Egypt Prime Minister Sherif Ismail (English.Ahram)
Egypt’s Prime Minister Sherif Ismail presented to the House of Representatives on Sunday his cabinet’s seven-step vision for developing the economy and improving public services through 2018.
All 34 ministers in the cabinet attended Sunday’s session, along with all 596 MPs.
The government program was titled “yes we can.”
“I would like to stress that the Egyptian citizen has the full support of the Egyptian government and that citizens were the main focus of its program,” says Ismail in the statement.
The government’s program was summarised in seven points: “safeguarding national security, reinforcing democracy, devising an economic programme prioritising growth, achieving social justice by improving public services, administrative reform through fighting corruption, promoting transparency, and strengthening Egypt’s role in the region,” the statement read.
Ismail highlighted these points as the “main principals” directing the work of the Egyptian government.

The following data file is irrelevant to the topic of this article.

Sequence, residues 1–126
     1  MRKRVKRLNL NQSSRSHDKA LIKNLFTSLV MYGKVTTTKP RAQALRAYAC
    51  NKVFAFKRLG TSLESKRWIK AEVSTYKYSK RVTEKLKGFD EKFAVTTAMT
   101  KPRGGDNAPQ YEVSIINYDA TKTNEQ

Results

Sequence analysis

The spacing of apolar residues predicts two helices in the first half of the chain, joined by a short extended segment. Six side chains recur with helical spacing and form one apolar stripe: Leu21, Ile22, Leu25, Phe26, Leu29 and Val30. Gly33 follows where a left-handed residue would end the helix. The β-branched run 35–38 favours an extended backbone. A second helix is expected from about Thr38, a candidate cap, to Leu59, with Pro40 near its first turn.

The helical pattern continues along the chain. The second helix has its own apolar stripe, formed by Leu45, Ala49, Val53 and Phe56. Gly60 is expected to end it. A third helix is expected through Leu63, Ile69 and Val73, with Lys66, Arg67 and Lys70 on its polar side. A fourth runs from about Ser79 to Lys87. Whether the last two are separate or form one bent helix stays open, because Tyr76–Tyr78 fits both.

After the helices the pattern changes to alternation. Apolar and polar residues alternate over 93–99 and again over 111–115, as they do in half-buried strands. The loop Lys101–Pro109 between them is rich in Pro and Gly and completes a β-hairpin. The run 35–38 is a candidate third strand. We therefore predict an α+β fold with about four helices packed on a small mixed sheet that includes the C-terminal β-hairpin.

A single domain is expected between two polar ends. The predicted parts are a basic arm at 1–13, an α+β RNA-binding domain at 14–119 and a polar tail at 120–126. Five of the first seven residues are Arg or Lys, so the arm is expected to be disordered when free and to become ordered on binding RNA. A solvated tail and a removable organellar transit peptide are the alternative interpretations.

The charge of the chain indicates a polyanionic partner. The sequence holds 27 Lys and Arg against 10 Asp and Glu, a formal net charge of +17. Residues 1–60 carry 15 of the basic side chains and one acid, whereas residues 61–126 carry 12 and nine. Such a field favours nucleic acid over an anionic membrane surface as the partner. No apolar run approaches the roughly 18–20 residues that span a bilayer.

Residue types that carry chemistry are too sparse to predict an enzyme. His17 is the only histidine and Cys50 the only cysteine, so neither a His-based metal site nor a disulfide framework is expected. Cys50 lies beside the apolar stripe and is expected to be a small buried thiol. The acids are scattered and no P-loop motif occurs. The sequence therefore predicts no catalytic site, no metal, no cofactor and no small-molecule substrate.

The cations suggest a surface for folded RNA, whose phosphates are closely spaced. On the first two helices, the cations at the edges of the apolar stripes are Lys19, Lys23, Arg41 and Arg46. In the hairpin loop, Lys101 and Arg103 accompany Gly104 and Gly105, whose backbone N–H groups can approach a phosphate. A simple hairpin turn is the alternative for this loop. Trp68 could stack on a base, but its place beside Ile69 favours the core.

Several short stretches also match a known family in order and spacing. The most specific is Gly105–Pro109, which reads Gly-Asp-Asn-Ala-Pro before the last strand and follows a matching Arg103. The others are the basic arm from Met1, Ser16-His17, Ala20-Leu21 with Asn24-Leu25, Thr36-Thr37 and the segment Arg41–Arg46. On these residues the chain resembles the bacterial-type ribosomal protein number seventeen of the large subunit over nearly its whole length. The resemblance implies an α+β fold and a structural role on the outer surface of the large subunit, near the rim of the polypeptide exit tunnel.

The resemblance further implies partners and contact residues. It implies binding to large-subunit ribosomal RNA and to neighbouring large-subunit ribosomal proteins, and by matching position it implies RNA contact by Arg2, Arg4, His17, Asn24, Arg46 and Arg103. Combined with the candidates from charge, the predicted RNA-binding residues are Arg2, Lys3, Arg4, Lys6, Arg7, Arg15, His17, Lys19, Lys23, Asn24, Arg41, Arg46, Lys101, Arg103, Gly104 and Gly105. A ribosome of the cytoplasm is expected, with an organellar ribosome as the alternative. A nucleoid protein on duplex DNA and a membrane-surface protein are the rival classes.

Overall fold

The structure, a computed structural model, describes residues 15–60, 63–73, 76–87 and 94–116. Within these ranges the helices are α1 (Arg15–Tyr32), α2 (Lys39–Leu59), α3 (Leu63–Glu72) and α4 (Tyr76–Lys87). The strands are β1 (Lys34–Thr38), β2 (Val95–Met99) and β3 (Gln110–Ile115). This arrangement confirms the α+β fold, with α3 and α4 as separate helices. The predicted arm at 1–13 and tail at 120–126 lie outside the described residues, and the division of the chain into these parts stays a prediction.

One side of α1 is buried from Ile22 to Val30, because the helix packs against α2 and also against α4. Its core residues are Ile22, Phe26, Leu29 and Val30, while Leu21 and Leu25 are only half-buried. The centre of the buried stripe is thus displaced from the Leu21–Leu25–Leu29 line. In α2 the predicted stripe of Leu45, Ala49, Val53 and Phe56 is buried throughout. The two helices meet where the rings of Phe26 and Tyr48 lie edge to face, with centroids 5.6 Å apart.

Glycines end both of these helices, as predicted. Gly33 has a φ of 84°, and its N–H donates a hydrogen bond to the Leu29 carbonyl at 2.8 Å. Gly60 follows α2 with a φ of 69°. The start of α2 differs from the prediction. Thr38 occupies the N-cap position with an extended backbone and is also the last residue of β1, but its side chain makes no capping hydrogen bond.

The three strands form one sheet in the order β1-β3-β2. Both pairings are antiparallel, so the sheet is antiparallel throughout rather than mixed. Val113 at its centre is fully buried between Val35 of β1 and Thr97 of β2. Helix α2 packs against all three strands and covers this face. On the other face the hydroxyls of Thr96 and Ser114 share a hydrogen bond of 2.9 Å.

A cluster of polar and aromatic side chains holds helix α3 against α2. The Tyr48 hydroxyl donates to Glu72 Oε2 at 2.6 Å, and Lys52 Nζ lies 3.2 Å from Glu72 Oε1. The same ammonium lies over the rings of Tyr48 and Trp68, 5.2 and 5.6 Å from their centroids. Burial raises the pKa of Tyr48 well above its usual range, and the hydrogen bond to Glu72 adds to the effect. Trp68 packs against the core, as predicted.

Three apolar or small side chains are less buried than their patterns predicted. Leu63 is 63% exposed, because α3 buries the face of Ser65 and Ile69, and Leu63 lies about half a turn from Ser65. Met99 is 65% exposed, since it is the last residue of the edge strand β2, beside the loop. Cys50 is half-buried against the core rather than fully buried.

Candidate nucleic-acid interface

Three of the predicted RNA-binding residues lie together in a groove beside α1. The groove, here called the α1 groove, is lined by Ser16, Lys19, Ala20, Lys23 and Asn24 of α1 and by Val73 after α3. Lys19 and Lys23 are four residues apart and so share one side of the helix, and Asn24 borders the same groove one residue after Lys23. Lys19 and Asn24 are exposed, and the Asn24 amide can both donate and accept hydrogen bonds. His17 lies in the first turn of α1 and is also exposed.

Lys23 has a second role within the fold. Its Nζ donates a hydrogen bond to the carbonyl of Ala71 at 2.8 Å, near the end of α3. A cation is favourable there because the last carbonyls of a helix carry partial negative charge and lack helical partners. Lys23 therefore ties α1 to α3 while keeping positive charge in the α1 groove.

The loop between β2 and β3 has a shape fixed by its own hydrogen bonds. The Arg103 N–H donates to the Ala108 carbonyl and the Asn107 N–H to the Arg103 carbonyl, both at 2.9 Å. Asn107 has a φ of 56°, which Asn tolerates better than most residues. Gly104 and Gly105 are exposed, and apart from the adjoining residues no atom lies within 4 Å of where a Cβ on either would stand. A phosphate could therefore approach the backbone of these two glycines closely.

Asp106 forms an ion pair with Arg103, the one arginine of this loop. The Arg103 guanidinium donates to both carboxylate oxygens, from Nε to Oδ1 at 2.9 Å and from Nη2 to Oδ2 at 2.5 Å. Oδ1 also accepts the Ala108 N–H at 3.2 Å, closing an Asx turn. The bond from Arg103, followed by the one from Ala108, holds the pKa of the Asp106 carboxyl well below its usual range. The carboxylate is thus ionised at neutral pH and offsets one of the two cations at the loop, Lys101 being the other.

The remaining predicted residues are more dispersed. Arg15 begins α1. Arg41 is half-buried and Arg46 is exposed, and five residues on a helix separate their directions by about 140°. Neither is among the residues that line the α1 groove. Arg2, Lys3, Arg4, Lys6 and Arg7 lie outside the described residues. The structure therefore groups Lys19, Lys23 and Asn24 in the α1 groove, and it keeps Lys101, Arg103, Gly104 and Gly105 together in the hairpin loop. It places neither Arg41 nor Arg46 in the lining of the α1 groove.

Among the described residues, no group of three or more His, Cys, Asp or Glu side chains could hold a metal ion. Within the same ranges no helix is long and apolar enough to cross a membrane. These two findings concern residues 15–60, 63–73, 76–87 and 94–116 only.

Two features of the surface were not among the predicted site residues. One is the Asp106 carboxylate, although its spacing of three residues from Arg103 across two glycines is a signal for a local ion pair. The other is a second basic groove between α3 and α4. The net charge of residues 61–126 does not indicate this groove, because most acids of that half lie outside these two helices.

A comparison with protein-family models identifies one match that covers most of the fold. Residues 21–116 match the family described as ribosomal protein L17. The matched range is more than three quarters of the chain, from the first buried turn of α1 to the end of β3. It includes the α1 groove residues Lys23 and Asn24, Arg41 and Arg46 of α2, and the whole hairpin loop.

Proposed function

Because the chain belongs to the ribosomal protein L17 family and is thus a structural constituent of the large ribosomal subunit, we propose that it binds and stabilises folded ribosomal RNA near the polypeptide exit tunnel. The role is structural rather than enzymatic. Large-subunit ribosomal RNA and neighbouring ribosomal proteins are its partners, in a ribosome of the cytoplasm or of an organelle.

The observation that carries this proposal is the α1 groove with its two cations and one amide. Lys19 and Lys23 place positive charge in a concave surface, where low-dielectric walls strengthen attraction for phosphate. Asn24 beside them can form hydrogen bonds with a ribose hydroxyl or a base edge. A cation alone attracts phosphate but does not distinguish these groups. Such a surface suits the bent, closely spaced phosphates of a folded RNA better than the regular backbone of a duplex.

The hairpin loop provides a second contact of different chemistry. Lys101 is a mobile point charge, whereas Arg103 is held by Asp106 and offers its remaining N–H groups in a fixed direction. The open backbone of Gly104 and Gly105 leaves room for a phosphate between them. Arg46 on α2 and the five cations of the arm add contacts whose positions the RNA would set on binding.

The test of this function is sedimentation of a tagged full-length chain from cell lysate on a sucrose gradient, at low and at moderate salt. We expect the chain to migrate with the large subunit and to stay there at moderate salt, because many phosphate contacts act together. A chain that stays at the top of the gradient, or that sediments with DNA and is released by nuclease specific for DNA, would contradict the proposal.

“First, we are serious about the reform process on all levels–political, economic, social, environmental, and administrative, and we will cooperate, coordinate, and work closely with the House of Representatives to implement this,” the statement read.
Egypt faces huge problems and the government will adopt scientific methods to deal with them, the second step reads.
“Any economic action will be accompanied by social protection programs, and no social programs will be adopted unless necessary funds are available,” the statement read.
The fourth point demonstrated the government’s total rejection of any kind of corruption, saying that it will work alongside the parliament to combat it.
Reforming infrastructure and boosting economic competitiveness was the government’ s fifth step.
More transparency and administrative reform necessary for economic growth is part of the sixth step.
The final step is the development of Egypt’s leading role internationally and regionally.
According to article 146 of Egypt’s constitution, “If [the] government does not win the confidence of the majority of the members of the House of Representatives within thirty days at the most, the president shall appoint a prime minister who is nominated by the party or the coalition that holds the majority or the highest number of seats in the House of Representatives.”
If the government fails to gain confidence again, the parliament is considered dissolved and the president calls for parliamentary elections within 60 days.
FOLLOW NEW AFRICA BUSINESS NEWS ON FACEBOOK @ New Africa Business News.com